Saturday night, and I'm all alone in my room.
There was a time, many years ago now, when I played that 7 inch a lot. To this day, I know both songs word for word and can even remember the bassline to "Tuesday's Child", which I figured out in 1997. But it had been a long time since I heard the 7 inch--several years, I'm sure. So I guess I was a bit unprepared for the huge rush of emotion I felt when I heard the beginning of "Freckle". "Oh shit," I thought. "This is going to make me cry." Sure enough, by 30 seconds in, I was bawling. And I guess it makes sense--even though it's been years since I suffered through the sort of unrequited longing that Meaghan Ball is singing about on "Freckle", it's the kind of thing that's never very hard to remember. It stays with you. And it helps that she does a masterful job of describing it in the words.
Which is not to say that they're an example of brilliant, deathless verse, either. No, the reason that I'm so impressed with the lyrics to "Freckle" is their note-perfect simplicity. Even though not too much is really said in the song, nothing is left out. Every emotion, every experience, that is depicted in the song is described perfectly, in a way that leaves nothing for the listener to wonder about. It's all there. And it's married to one of the most perfect pop songs I've ever heard, which just makes the whole thing hit that much harder.
"Freckle" starts out with a hi-hat intro that leads directly into a catchy, upbeat verse riff. Meaghan Ball starts singing over it after a second, and her voice is doubled by that of bassist Garrett Klahn (more about him later), who is singing through enough reverb and from far enough back in the mix that it's impossible to tell what he's actually singing. However, the important part is that his vocal part adds emotional resonance to Meaghan's lead vocal, which begins with the phrase, "Saturday night and I'm all alone in my room." Those nine words are enough to paint a detailed picture for anyone who's ever been lonely and wished that they had someplace to go, someone to hang out with. The next line, "And all I can do is think of you", is equally evocative. And then, when she ends the verse with "But to you I don't even exist," the cumulative effect is crushing. It's a simple description of some pretty standard feelings that are so common as to be nearly universal, and yet, by capturing it so perfectly, she turns what could have been a cliche into something that will hit home with almost any listener who hears it.
In the chorus, Meaghan grows wistful, singing "If only I could kiss your tender lips, you'd crush me with your smile." It's the other side of the lonely nights in one's room--the fantasies of how wonderful it would be if you could finally win the heart of the one you desire. The music mirrors this wistful feeling, growing more restrained and almost melancholy in mood. The second verse kicks back in with its more driving riff, and the lyrics reflect this as well--"Yet every day you walk past my house, and you're holding another's hand, but you won't even turn to look my way." At moments like this, the mood of the song is almost defiant; there's a sense that Meaghan knows that she's being slighted, and deserves better, but in the end, as the choruses indicate whenever they come in, she can't let go of the beautiful picture within her head for long enough to convince herself that the better treatment she deserves is something worth abandoning the beautiful fantasies in her head. This is emphasized by the song's ending; rather than ending on an upbeat note, the final chorus slowly trails off until all that remains is a softly picked guitar line and Meaghan singing "You'd crush me with your smile..." over and over into the fade.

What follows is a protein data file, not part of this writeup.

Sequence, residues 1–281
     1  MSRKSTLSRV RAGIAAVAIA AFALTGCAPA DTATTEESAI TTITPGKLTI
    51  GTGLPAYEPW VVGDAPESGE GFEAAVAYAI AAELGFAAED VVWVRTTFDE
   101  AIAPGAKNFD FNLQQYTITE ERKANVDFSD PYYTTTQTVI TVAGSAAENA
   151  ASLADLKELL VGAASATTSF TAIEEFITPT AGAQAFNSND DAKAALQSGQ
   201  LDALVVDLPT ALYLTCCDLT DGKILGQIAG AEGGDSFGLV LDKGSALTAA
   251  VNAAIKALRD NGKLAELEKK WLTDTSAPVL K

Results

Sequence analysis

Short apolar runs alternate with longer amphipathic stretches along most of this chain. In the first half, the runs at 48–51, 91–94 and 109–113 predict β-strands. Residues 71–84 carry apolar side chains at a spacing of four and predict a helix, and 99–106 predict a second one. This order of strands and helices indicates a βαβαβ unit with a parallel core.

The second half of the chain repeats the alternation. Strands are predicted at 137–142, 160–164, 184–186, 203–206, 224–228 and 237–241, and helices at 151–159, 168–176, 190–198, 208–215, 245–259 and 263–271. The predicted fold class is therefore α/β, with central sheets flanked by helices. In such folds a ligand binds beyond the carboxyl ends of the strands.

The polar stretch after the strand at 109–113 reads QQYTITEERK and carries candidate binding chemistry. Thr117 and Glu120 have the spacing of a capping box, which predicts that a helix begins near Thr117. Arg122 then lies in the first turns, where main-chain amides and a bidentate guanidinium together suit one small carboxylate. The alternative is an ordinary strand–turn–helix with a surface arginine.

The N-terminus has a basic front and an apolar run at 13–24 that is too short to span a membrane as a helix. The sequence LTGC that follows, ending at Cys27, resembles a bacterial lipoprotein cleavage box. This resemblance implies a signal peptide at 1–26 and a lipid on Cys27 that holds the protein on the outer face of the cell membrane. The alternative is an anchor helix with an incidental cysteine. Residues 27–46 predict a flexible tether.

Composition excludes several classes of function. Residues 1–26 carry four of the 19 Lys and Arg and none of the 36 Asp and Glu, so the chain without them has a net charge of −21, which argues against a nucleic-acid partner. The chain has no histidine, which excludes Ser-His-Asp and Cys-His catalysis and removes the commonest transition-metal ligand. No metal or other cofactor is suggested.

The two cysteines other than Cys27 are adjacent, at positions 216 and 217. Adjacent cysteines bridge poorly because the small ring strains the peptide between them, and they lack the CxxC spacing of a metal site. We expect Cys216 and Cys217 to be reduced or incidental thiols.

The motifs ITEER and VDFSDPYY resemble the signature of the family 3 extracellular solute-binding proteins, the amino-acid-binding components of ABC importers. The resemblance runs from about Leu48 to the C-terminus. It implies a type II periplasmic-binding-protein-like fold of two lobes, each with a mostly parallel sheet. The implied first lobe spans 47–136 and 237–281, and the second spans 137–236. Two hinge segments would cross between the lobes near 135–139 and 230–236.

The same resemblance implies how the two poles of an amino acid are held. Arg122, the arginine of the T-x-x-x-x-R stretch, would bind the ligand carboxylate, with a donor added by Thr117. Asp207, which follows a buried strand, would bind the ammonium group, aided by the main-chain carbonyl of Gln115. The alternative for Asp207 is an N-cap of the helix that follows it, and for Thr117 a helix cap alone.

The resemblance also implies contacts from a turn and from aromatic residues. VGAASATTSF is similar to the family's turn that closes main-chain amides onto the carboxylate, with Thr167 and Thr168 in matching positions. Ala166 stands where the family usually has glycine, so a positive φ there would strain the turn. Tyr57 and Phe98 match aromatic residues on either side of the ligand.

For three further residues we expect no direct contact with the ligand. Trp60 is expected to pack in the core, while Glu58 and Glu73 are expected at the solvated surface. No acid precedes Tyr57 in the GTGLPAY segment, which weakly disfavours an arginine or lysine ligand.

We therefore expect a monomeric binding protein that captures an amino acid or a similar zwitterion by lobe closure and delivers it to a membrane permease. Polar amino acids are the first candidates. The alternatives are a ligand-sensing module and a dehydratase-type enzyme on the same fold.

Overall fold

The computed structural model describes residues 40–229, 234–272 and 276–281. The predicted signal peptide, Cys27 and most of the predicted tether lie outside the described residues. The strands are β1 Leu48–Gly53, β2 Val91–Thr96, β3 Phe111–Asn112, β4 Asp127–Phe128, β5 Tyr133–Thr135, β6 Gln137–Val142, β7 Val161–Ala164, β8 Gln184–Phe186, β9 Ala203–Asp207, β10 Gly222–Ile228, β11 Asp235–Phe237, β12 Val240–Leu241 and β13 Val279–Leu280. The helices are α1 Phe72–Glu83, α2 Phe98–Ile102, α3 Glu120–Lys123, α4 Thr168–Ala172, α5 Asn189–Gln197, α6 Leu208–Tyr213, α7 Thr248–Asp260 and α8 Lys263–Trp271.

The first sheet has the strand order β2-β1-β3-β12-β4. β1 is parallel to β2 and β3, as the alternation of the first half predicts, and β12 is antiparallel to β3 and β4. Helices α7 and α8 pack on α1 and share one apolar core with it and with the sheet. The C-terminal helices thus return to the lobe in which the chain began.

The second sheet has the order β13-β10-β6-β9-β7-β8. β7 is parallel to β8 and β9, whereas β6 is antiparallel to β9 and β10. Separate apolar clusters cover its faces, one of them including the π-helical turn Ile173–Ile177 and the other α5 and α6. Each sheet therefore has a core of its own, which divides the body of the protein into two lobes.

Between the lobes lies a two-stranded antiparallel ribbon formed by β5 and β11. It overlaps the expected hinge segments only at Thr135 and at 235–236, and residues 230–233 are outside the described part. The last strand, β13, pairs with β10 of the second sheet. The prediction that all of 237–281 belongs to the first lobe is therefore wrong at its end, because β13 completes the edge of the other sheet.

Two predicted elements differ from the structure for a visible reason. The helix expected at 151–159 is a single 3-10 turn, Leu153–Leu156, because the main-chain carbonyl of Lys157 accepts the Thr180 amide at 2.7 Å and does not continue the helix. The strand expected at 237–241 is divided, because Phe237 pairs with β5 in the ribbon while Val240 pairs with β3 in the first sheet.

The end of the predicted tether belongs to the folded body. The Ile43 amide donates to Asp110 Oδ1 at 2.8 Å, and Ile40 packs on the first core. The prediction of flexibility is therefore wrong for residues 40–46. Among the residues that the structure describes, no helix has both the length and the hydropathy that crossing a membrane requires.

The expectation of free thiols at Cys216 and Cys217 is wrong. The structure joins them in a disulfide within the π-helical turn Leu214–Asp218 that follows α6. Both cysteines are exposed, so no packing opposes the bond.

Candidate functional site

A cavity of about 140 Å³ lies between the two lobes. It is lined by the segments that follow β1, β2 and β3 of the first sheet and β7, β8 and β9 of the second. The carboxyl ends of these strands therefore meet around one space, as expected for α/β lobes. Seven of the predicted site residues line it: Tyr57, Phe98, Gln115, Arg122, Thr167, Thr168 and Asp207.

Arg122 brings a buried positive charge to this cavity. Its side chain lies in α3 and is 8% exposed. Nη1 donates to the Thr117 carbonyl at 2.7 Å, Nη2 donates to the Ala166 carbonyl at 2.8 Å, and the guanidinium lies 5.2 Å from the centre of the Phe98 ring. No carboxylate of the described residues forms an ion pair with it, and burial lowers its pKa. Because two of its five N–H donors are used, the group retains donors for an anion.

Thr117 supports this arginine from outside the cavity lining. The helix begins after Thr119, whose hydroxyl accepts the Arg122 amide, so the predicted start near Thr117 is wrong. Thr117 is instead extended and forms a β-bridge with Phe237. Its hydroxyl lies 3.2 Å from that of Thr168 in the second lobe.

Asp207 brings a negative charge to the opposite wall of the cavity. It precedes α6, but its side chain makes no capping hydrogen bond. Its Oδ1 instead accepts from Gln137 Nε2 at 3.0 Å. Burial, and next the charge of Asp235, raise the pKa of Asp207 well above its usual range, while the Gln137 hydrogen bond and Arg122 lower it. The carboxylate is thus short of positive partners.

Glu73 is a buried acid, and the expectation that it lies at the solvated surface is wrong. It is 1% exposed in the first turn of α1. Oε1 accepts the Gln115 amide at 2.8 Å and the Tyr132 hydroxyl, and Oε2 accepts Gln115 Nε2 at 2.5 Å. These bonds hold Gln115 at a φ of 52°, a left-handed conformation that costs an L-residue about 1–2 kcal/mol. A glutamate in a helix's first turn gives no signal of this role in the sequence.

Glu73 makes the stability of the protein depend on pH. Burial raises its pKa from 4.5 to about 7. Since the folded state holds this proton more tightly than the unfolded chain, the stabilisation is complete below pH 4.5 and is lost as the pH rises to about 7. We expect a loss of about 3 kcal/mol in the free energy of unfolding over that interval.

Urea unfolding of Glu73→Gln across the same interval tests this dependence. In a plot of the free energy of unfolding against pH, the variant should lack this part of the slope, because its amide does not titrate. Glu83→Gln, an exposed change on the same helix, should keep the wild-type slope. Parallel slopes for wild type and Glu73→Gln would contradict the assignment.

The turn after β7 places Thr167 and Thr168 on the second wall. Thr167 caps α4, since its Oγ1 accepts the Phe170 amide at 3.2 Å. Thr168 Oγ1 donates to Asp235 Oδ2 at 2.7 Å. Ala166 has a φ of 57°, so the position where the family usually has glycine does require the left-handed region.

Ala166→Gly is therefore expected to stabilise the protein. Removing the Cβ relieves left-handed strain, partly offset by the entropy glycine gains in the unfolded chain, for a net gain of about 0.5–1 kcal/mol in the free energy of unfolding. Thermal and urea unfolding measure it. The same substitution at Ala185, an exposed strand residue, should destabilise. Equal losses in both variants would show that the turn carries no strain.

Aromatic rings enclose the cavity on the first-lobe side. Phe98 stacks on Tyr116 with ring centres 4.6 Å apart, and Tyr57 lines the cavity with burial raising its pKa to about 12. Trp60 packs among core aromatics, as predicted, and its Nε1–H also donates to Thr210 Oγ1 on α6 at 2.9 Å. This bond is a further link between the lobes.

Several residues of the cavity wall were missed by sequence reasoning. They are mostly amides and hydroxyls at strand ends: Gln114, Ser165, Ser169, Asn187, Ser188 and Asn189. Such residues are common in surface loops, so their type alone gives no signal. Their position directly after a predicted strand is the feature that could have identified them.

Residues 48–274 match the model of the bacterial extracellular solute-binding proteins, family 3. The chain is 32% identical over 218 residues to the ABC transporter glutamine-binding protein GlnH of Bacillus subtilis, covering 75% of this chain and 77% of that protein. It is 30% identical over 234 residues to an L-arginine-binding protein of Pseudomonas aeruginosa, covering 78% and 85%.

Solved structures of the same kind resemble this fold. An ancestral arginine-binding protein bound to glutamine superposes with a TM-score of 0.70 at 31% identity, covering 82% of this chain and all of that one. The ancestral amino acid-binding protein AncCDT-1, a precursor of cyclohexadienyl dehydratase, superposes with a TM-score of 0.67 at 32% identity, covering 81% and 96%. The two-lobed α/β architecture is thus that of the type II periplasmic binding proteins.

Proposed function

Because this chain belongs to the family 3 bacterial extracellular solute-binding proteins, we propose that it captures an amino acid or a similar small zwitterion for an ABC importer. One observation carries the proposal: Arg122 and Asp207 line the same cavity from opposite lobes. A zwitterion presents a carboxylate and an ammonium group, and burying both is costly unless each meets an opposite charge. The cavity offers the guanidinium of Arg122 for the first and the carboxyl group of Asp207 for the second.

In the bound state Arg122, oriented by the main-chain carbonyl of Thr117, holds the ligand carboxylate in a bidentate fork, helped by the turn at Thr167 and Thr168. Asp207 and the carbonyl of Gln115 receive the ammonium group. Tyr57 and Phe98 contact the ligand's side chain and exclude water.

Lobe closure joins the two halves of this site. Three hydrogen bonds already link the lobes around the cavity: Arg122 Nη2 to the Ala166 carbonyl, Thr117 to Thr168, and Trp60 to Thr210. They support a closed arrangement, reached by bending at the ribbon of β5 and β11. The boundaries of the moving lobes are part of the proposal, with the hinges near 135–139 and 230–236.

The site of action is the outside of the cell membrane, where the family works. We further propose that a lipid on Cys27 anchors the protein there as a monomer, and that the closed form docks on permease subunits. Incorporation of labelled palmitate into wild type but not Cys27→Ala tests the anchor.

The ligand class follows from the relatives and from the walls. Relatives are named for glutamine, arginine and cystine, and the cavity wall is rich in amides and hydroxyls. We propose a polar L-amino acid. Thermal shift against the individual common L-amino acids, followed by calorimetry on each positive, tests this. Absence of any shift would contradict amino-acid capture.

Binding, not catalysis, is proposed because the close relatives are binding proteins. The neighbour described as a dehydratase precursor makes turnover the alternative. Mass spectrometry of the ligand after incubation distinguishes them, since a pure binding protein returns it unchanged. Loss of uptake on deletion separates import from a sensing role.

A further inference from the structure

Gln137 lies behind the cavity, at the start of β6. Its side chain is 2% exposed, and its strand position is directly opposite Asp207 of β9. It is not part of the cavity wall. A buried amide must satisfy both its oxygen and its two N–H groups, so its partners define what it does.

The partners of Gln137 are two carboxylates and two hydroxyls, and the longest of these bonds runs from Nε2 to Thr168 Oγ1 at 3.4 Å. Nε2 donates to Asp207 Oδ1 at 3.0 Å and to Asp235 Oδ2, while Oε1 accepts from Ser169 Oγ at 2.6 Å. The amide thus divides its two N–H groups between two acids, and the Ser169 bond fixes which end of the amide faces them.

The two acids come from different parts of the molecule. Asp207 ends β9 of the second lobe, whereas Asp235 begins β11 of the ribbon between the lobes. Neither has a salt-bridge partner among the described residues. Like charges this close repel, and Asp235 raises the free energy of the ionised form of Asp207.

I guess the reason this song totally wiped me out yesterday is because of how strongly I can relate to this exact method of handling feelings for other people. It's pretty much always been how I dealt with things. Back when I was younger and had way more struggles from day to day with powerful feelings for people that I saw myself as having no chance with, songs like "Freckle", and pretty frequently "Freckle" in particular, were like life preservers for me. It made me feel a little more valid and a little less alone to hear someone else struggling with the same feelings. And hearing this song again brought it all back.
Not like it's as far in the past as I like to pretend, either. The truth is that I still do develop crushes on people. My confidence is so shattered these days, probably worse than it ever was when I was 21 or whatever, and I talk to girls I like even less now than I did then. The sad truth is that I had a crush on a girl who was the roommate of one of my good friends for over a year, throughout which she was single, and was always really friendly to me and would talk to me for 15 or 20 minutes at minimum every time I saw her around. And yet, I never did a damn thing about it, never even hinted at my feelings for her, and now, within the last two months or so, she's gotten a boyfriend. I did this to myself. I told myself throughout that year that if I tried, she'd shoot me down, give me the friend zone talk, and as right as I probably am about that, I never even tested the theory. I've buried a lot of these sorts of feelings, which I guess is what will happen when you go through several intense relationships in a row and have all of them end in a devastating manner, but they're all still there. And that's why listening to a Copper song that I haven't heard in years is enough to reduce me to tears.
Copper - Freckle